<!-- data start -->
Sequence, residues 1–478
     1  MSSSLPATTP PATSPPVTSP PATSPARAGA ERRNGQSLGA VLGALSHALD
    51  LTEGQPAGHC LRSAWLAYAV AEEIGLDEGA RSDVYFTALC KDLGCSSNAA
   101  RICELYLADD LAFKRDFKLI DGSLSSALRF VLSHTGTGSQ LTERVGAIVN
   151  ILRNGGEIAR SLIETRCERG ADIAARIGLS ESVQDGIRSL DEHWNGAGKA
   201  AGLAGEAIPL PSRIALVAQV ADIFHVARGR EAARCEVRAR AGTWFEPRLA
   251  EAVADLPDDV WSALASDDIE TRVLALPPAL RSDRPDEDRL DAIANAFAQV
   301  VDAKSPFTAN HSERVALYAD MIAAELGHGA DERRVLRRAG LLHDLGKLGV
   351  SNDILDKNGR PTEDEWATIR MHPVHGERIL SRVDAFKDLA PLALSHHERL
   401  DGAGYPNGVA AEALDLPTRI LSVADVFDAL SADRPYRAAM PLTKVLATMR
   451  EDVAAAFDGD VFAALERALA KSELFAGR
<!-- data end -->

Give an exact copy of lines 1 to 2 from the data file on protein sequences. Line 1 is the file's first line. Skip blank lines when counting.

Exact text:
Sequence, residues 1–478
     1  MSSSLPATTP PATSPPVTSP PATSPARAGA ERRNGQSLGA VLGALSHALD